Foodborne illness (or food poisoning) is the general name for illness caused by more than 250 different pathogens. These pathogens include bacteria, viruses, parasites, or toxic chemicals found on fruits, vegetables, meats, and cooking surfaces. The pathogens enter the body through the gastrointestinal tract and may cause nausea, vomiting, abdominal cramps, fever, diarrhea, and dehydration. Death is also possible if symptoms persist.
What can you do?
The CDC and FightBac.org suggest a number of consumer safety precautions to avoid foodborne illness. The major precautions include cleaning, separating, cooking, and chilling. Should you still be unfortunate enough to contract a foodborne illness, don’t hesitate to report your symptoms to your local health department.
- CLEAN: Wash yourself and your produce.
- Wash your hands with warm water and soap for at least 20 seconds before and after handling food, using the bathroom, changing diapers, or handling pets.
- Rinse fresh fruits and vegetables in running tap water to remove visible dirt and grime.
- SEPARATE: Don’t cross-contaminate.
- Use one cutting board for fresh produce and another cutting board for raw meat, poultry and seafood.
- Never place cooked food on a plate that previously held raw meat, poultry, seafood or eggs.
- COOK: Use a food thermometer with meat, poultry, and fish to ensure that proper internal temperatures are reached.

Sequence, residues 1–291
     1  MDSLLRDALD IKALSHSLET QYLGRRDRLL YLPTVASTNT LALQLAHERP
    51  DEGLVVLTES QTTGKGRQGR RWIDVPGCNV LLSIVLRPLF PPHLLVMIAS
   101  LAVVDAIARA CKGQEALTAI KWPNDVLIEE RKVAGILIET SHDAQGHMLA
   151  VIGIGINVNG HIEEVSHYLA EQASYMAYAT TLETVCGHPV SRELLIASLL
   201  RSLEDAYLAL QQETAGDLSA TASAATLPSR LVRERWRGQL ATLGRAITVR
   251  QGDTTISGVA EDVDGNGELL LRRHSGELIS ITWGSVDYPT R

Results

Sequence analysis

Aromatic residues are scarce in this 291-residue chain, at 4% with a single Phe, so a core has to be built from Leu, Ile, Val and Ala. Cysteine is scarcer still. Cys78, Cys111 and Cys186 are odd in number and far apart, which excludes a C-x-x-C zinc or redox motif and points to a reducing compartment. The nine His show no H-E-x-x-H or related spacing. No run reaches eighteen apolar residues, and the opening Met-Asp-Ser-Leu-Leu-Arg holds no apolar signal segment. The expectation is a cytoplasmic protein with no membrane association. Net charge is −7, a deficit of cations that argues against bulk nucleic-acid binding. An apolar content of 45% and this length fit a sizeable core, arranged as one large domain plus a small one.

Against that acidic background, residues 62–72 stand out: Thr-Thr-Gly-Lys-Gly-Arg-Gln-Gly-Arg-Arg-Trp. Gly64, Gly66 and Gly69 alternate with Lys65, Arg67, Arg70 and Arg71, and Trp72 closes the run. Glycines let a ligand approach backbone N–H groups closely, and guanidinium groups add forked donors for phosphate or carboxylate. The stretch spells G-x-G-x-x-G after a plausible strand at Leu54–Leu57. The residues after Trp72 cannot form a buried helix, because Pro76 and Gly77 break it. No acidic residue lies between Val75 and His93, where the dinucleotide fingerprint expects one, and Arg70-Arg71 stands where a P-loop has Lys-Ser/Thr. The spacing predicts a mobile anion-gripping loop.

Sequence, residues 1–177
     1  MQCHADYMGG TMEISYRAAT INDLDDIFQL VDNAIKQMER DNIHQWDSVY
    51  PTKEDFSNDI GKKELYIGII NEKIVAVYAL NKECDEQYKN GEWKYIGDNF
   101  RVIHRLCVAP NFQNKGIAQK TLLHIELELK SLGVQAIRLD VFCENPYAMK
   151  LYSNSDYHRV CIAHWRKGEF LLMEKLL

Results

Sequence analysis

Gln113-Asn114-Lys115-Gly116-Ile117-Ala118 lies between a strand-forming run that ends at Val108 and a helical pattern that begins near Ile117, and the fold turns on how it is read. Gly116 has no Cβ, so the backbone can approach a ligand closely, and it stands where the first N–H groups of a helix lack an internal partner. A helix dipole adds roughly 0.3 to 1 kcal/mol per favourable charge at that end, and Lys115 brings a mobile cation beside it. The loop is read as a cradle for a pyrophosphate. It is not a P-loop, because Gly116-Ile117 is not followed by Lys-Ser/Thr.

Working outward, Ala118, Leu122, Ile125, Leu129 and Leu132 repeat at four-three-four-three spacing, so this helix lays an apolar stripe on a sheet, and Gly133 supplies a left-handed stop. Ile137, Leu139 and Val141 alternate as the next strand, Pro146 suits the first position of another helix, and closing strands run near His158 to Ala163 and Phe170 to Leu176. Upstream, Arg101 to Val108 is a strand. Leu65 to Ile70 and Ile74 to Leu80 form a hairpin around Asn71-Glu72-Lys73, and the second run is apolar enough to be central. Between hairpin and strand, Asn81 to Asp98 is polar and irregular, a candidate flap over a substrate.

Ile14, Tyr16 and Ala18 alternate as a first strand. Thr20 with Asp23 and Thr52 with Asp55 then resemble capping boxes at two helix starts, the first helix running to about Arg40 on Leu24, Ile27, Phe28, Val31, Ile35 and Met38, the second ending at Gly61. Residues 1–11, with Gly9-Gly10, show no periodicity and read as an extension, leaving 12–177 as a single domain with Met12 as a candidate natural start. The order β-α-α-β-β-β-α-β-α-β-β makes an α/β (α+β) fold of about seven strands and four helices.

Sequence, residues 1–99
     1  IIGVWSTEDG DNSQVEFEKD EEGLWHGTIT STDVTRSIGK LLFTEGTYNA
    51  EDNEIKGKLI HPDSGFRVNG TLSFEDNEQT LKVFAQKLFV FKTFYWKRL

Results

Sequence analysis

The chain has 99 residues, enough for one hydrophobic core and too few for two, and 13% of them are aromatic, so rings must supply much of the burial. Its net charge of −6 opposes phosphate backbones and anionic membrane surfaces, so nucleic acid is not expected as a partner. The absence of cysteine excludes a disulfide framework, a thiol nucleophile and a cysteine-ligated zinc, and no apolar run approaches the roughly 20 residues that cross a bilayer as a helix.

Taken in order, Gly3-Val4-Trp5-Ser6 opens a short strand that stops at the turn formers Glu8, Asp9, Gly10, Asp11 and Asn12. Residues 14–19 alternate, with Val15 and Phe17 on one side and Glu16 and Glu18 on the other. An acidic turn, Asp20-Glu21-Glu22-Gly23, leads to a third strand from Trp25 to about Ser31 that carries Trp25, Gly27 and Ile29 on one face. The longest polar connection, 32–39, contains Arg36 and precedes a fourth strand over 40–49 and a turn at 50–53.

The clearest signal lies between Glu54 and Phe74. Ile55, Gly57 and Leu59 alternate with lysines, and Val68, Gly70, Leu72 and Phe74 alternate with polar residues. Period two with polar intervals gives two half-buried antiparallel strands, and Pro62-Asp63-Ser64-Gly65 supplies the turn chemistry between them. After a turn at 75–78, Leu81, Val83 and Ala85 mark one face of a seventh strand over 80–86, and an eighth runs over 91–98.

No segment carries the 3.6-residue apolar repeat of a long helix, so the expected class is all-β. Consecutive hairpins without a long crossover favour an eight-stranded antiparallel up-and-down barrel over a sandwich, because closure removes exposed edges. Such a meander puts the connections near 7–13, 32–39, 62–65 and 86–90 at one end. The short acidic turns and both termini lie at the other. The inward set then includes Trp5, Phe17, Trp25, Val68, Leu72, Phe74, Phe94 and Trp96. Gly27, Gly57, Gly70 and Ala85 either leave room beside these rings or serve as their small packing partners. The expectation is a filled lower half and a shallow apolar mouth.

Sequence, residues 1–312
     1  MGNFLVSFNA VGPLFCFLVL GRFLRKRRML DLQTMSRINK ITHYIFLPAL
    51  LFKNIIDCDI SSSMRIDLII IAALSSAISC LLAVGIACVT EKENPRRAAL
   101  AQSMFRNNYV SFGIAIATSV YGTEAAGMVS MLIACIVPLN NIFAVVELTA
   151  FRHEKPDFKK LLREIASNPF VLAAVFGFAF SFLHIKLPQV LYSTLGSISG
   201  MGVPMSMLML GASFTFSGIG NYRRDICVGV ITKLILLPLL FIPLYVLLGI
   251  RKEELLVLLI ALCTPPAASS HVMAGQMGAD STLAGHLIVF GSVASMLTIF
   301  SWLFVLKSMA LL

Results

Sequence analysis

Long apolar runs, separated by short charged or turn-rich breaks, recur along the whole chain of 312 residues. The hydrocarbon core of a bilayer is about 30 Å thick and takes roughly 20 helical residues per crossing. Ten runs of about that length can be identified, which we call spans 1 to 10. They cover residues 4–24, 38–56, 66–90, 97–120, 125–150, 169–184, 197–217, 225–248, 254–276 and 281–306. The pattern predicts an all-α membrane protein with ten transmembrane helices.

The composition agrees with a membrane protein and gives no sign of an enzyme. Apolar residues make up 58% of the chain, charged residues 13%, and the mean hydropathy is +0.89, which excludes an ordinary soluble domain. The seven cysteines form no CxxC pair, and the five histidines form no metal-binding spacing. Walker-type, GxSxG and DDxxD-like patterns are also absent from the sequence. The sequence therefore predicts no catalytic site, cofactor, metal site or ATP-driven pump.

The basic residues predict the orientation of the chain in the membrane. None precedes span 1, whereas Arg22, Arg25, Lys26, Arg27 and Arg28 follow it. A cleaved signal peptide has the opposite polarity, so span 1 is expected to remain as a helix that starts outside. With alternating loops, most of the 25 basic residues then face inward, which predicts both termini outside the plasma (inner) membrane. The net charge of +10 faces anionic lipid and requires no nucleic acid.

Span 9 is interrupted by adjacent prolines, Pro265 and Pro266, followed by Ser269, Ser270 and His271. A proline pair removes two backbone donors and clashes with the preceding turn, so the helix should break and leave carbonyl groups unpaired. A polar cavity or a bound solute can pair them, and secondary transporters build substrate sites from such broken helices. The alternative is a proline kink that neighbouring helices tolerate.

- Cook roasts and steaks to a minimum of 145°F, poultry to a minimum of 165°F, and fish to a minimum of 145°F or until the flesh is opaque and separates easily with a fork.
- CHILL: Refrigerate leftovers promptly.
- Refrigerate leftover foods if they are not going to be eaten within 4 hours.
- Large volumes of food will cool more quickly if they are divided into several shallow containers for refrigeration.
- REPORT: Report suspected foodborne illnesses to your local health department.
- Often calls from concerned citizens are how outbreaks are first detected.
- Your cooperation may be needed even if you are not ill.
Food for thought
Have you or someone you know suffered from a foodborne illness? If so, did you report the incident to your local health department? What precautions should consumers take while preparing meats, fruits, and vegetables? What internal temperatures should you cook meat in order to avoid foodborne illness?
CDC Food Safety website: http://www.cdc.gov/foodsafety/cdc-and-food-safety.html
Fight Bac website: http://www.fightbac.org